Career-break teachers invited to return to ease staffing ‘crisis’
Unions claim staff problem is short-term absences not teachers on career breaks
Minister for Education Richard Bruton: is set to signal changes in teacher training to help address staff shortages in key subjects at second level. Photograph: Gareth Chaney Collins
Teachers on career breaks will be encouraged to return to the classroom by lifting restrictions on their employment in a move aimed at easing acute shortages of substitution cover.
At present, teachers on career breaks may be hired by schools under “exceptional circumstances”, but are only authorised to teach for a maximum of 90 days in a school year.
Minister for Education Richard Bruton will announce on Friday that these employment restrictions will be suspended on a temporary basis.
Latest figures show there are least 2,300 teachers on career breaks in the current school year, up from 2,100 last year.
In addition, the Department of Education is to issue a note to schools on Friday emphasising that career breaks should only be granted if schools are in a position to fill temporary vacancies that would be created.
Teachers’ unions, however, are sceptical about whether the move will have any significant impact.
They argue that the biggest problems involve filling vacancies linked to short-term absences rather than teachers on career breaks of between one and five years.
At the annual conference of the Irish Primary Principals’ Network (IPPN) in Dublin on Friday, Mr Bruton will also signal a number of other changes in teacher training to help address staff shortages in key subjects at second level. They include:
* Quotas on the number of teachers who may be accepted into post-graduate teacher education programmes for key subjects where there are staff shortages. For example, there could be limited places for students who wish to teach popular subjects such as English and history, and places set aside for less popular subjects such as science and languages;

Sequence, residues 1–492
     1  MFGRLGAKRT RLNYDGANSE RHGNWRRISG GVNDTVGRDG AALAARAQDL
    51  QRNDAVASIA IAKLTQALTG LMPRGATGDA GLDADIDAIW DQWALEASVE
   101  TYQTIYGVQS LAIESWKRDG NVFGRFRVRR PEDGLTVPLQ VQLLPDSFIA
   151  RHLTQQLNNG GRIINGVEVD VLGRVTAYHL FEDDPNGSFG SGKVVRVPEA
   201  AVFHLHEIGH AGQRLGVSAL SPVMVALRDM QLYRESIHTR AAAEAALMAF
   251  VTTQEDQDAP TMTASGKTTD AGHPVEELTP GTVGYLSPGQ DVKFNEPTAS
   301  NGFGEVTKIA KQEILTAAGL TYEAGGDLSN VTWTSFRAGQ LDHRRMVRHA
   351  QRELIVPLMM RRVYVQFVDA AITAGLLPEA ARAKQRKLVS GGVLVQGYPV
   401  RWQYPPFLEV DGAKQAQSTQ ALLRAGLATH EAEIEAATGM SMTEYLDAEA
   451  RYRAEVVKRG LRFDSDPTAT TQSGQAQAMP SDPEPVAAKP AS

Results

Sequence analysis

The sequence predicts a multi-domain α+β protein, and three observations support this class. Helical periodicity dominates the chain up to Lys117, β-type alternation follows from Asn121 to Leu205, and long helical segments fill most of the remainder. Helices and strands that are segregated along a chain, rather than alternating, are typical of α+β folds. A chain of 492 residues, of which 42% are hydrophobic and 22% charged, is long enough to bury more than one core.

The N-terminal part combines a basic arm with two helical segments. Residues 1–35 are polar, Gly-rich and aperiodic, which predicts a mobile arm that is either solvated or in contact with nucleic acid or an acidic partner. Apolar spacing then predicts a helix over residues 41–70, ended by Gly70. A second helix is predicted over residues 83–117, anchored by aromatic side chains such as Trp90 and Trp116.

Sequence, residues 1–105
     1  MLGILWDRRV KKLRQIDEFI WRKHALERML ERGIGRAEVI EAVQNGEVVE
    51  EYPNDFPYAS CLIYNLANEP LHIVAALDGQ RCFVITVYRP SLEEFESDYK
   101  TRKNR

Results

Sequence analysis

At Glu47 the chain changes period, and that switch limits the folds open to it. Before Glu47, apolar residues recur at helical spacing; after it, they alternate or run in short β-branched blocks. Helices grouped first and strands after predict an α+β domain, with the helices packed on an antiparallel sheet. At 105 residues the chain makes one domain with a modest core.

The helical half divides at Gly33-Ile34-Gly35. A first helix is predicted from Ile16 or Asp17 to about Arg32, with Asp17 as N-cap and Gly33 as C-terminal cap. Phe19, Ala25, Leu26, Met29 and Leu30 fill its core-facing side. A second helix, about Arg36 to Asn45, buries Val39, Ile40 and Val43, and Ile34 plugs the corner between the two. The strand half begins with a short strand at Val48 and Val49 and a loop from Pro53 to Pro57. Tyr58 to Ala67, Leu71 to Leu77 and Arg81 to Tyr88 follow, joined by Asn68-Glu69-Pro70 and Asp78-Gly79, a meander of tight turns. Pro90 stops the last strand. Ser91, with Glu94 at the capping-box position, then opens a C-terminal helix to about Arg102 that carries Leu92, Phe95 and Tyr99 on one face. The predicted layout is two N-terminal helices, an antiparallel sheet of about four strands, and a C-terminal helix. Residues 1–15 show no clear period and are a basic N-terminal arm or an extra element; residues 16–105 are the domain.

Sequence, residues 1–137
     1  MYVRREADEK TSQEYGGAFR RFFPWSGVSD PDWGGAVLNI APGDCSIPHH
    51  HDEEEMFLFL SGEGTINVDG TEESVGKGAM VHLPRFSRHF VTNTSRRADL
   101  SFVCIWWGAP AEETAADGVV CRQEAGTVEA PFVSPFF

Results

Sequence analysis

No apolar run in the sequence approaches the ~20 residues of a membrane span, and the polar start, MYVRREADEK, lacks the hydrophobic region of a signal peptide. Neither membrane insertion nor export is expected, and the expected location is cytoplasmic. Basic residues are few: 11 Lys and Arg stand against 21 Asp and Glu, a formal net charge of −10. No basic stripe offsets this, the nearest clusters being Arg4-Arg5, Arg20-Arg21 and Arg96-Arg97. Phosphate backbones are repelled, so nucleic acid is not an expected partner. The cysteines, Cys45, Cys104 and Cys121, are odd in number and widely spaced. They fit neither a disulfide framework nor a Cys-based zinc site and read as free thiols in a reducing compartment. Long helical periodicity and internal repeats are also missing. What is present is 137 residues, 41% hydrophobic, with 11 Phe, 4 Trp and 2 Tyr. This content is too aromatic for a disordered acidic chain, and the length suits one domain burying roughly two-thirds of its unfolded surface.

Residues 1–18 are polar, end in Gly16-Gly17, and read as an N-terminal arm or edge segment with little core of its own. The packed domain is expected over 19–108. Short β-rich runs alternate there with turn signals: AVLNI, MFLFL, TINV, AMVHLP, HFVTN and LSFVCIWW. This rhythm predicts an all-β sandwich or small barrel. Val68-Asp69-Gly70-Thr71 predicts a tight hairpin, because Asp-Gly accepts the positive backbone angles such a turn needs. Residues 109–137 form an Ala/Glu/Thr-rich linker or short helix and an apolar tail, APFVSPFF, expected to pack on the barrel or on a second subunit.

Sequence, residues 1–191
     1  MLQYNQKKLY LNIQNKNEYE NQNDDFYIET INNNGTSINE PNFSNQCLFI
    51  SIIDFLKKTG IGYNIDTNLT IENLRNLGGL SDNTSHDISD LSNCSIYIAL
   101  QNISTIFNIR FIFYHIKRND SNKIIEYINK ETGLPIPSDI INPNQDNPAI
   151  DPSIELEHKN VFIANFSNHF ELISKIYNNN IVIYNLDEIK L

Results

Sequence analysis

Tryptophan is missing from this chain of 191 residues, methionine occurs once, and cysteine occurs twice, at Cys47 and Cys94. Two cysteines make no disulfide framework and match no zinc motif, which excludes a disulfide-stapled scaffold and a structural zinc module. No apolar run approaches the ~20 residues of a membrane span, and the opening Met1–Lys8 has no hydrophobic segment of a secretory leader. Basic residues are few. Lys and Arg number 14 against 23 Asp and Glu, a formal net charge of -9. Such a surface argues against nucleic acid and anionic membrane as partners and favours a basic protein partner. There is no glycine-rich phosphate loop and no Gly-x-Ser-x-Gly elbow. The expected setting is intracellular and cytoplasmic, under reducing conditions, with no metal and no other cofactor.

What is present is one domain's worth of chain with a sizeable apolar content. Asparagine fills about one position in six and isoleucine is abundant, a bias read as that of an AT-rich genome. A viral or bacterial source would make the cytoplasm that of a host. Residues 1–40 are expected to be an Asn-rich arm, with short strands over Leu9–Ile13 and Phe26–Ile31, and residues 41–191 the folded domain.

* Expanding the number of undergraduate teacher education courses for key subject areas, which are shorter and less expensive options for students;
* “Top up” or conversion courses to upskill existing teachers to teach in subject areas of shortage;
* The potential for financial incentives to improve the update of some post-graduate teacher training courses will also be explored.
In a statement, Mr Bruton said he believed teacher shortages were linked to a large expansion in the number of permanent jobs created over recent years.
He said this meant schools were finding it more difficult to fill shorter-term gaps and to recruit substitute teachers.
Mr Bruton said he hoped these measures would help alleviate some immediate pressures being faced in the primary school sector.
“I am committed to continuing to work with stakeholders to consider what other options can provide assistance to schools,” he said.
Primary principals, meanwhile, say more than one-third of all primary schools have failed to find a substitute teacher on more than 10 occasions since the current school year began.
A IPPN survey of members indicates that principals are being forced into using support teachers to cover teacher absences, which is impacting on special needs provision.
“Schools are not just struggling to fill short-term vacancies to cover sick leave, they are also struggling to fill longer-term substitute contracts such as maternity leave and career breaks,” said IPPN president David Ruddy.
“Every principal dreads that phone call when a member of staff informs us that they are ill but we are helpless to provide a quick fix.
“Pay inequality, coupled with the cost of living allied to the activities of recruitment agencies targeting third-level institutions, is resulting in hundreds of newly qualified teachers, trained at taxpayers’ expense, being lured to work in foreign countries.”